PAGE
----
barely affected, even though it uses the same sensor model as the Kalman filter.
The optimal smoothing algorithm is also robust
against systematic sensor errors. In a HUGIN 3000
navigation accuracy verification sea trial in October
2000 (described in Section 5.2.2), there was a constant error in the DVL (Doppler Velocity Log) measurements that was above 8.3 sigma (due to an incorrect DVL configuration in this particular trial).
This huge6 unmodelled velocity error led to a position error in the order of 1015 m for the realtime
estimates, while the smoothing, using the same
model, proved a performance of 1.2 and 1.7 metres
(1σ north and east), see Figure 8 in Section 5.2.2.
4 NavLab Usage
Figure 6  Trajectory from the HUGIN 1000 AUV. The track
shows the vehicle going northwest. Blue: position
measurement from DGPS+USBL (differential GPS + Ultra
Short Base Line acoustic positioning). Green: Kalman filtered
estimate. Red: Smoothed estimate.
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NavLab has been extensively used by numerous different users since 1999, including several international research groups, universities and commercial survey companies. The flexible structure of NavLab
makes it useful for a wide range of applications. Some
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Figure 5 shows an example of position estimation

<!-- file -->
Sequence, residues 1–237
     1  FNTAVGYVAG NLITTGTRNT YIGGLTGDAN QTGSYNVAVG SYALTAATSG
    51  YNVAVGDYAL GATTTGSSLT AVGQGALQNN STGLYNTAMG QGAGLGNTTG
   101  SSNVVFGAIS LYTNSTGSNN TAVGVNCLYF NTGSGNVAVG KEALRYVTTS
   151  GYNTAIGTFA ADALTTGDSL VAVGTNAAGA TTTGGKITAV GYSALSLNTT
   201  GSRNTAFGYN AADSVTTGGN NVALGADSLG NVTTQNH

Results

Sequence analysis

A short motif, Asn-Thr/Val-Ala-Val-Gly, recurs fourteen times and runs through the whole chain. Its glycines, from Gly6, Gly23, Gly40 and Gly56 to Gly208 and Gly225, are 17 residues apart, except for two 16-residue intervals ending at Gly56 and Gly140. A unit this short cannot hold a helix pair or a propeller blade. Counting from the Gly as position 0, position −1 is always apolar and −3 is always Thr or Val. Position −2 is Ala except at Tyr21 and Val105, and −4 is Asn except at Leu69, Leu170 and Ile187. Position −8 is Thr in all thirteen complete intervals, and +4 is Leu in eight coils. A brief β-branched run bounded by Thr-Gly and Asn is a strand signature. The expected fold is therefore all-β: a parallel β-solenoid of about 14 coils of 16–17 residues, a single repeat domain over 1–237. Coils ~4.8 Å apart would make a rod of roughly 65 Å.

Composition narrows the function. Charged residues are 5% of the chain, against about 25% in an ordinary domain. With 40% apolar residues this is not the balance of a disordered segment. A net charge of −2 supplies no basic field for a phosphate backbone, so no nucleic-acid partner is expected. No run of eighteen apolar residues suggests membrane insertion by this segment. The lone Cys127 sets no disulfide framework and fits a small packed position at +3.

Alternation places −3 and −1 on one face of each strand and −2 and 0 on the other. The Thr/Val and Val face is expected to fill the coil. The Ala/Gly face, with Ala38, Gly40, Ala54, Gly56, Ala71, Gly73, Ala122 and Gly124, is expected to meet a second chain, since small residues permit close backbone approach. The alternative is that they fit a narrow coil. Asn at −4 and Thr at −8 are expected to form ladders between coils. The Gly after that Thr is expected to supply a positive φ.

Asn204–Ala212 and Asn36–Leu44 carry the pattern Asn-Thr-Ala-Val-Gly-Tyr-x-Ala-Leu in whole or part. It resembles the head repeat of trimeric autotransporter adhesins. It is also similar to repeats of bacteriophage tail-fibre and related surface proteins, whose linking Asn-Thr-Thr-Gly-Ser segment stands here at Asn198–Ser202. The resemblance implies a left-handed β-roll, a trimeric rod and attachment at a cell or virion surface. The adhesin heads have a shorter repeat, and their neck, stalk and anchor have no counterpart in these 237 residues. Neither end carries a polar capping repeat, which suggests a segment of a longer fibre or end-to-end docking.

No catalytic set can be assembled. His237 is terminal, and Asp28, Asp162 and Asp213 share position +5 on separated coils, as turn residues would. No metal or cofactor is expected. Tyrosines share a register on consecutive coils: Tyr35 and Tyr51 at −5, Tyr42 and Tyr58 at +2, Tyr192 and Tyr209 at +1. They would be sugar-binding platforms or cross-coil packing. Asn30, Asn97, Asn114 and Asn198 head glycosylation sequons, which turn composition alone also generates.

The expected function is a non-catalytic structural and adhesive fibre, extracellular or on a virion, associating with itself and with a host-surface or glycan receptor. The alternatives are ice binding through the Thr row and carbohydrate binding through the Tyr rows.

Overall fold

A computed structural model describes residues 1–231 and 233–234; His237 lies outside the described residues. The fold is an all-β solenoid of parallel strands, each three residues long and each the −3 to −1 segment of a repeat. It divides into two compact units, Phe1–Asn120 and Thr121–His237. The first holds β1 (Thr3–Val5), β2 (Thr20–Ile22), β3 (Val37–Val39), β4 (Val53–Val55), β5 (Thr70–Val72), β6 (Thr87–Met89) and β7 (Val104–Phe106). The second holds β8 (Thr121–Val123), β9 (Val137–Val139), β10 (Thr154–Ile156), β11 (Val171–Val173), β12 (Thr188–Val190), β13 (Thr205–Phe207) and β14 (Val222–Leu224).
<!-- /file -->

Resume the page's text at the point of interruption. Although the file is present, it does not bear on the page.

uncertainty (1σ) in the Kalman filter and in the optimal smoothing. Position measurements are unavailable in an interval of 2 hours, and in this period the Kalman filter estimation uncertainty grows,
before dropping instantly when position measurements become available at the end. The smoothing
algorithm on the other hand, utilizes the position
measurements at the end during the whole interval, and thus has a maximum uncertainty in the
middle of the interval. At the last timestep, no future measurements are available and the two algorithms give equal estimates.
3
All measurements that are
not exactly equal to the
predicted value are unexpected, which in practice
means every measurement
4
Outliers of this magnitude
will by default be automatically removed in
NavLab by a wildpoint
detection algorithm, but is
left here for demonstration
5
I.e. in accordance with the
Kalman filter model
6
According to the model,
the probability of an error
of this magnitude in one
measurement is only
about 1016, and in this trial
all measurements had this
error!
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users are only working with simulated data, whereas
others use the estimator alone to postprocess real
data. Finally, there are many cases where both simulations and real data processing are of interest. A
summary of current NavLab usage is given below.
Navigation system research and development
(using simulations and real data)
 Development, testing and comparison of new
navigation concepts and algorithms, including
new aiding sensors and aiding techniques
 Development of realtime navigation systems,
where the algorithms are implemented and tested in NavLab, and then ported to the realtime
system. A typical development process is:
 Implement algorithms in NavLab
 Test in simulations (NavLab)
 Test with real data (NavLab)
 Port algorithms to the realtime navigation system (C++ or similar program language)
 Test realtime system.
The realtime navigation system in the HUGIN vehicles was developed using NavLab (see [5] for a
description of the realtime navigation system and
[7] or [8] for an overview of the HUGIN AUV Programme).
Analysis of a given navigation system (using
simulations and real data)
 Analysis of navigation system behaviour under
different manoeuvres/trajectories and sensor
configurations